Methodological Factors in Determining Risk of Dementia After Transient Ischemic Attack and Stroke
(II) Effect of Attrition on Follow-Up
Background and Purpose—Cognitive outcomes in cohorts and trials are often based only on face-to-face clinic assessment. However, cognitive impairment is strongly associated with increased morbidity and mortality, leading to substantial loss to clinic follow-up. In the absence of previous population-based data, we determined the effect of such attrition on measured risk of dementia after transient ischemic attack and stroke.
Methods—Patients with transient ischemic attack or stroke prospectively recruited (2002–2007) into the Oxford Vascular (OXVASC) study had baseline clinical/cognitive assessment and follow-up to 2014. Dementia was diagnosed through face-to-face clinic interview, supplemented by home visits and telephone assessment in patients unable to attend clinic and by hand-searching of primary care records in uncontactable patients.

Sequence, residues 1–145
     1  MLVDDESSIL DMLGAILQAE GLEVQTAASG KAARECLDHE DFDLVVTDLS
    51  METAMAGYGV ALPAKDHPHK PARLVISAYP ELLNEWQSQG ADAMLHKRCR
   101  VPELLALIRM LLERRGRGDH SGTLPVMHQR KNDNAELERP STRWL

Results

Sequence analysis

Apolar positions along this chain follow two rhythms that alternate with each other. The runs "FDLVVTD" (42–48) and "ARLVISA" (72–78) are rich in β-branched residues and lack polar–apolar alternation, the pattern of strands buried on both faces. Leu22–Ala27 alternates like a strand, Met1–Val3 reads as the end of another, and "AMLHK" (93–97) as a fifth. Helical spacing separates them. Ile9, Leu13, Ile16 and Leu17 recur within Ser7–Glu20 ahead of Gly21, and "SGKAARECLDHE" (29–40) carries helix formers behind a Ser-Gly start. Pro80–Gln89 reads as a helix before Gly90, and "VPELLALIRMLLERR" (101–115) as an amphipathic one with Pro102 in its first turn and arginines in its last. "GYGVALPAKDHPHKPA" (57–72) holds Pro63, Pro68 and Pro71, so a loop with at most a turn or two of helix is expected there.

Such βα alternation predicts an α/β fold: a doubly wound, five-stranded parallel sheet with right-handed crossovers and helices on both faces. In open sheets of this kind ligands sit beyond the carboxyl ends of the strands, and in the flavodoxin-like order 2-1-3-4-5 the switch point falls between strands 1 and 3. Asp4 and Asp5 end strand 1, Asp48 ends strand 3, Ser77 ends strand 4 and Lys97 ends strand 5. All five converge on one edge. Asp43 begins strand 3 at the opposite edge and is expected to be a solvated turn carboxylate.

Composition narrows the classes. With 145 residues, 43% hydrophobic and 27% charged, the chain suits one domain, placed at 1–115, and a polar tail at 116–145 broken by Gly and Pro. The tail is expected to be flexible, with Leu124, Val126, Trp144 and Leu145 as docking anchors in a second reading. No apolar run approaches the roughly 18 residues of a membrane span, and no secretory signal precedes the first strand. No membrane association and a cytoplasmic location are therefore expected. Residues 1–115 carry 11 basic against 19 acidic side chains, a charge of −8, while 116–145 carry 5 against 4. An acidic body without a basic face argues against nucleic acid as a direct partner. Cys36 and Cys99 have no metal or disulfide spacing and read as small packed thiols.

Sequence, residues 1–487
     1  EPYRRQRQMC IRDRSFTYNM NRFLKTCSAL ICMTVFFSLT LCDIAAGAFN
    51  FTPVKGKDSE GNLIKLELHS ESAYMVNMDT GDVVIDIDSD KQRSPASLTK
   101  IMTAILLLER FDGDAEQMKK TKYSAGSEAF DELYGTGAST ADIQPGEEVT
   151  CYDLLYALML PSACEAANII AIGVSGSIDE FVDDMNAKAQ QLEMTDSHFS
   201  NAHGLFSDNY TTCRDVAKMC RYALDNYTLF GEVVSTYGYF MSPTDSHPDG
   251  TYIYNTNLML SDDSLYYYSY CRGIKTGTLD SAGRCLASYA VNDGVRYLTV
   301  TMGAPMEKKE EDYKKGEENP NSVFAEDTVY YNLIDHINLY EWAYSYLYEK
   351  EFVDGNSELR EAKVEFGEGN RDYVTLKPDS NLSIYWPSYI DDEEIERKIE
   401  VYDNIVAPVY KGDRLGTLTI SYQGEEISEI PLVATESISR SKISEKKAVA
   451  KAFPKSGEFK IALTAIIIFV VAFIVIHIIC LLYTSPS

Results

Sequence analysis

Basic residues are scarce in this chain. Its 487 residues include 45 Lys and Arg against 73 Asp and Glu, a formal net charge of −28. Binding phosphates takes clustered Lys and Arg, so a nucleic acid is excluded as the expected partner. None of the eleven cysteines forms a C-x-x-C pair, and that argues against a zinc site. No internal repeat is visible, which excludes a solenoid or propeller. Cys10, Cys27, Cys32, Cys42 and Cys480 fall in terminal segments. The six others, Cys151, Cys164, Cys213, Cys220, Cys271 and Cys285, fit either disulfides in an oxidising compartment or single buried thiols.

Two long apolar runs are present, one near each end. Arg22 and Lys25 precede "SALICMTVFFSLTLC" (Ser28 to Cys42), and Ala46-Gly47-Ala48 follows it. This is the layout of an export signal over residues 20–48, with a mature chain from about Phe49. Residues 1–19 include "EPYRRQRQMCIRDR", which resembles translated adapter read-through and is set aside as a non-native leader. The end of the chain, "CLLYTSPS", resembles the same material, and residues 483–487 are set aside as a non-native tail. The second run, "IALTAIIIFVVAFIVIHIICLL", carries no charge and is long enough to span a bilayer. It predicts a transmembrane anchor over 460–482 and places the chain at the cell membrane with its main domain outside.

Results—Of 1236 patients (mean age/SD, 75.2/12.1 years; 582 men), 527 (43%) died by 5-year follow-up. Follow-up assessment rates (study clinic, home visit, or telephone) of survivors were 947 in 1026 (92%), 857 in 958 (89%), 792 in 915 (87%), and 567 in 673 (84%) at 1, 6, 12 months and 5 years. Dementia developed in 260 patients, of whom 110 (42%; n=50 primary care records, n=49 home visit, and n=11 telephone follow-up) had not been available for face-to-face clinic follow-up at the time of diagnosis. The 5-year cumulative incidence of postevent dementia was 29% (26%–32%) overall but was only 17% (14% to 19%) in clinic assessed versus 45% (39%–51%) in nonclinic-assessed patients (P difference<0.001).
Conclusions—Exclusion of patients unavailable for clinic follow-up reduces the measured risk of postevent dementia. Use of multiple follow-up methods, including home visits, telephone assessments, and consent, to access primary care records substantially increases ascertainment of longer-term dementia outcomes.
- Received February 16, 2015.
- Accepted April 13, 2015.
- © 2015 American Heart Association, Inc.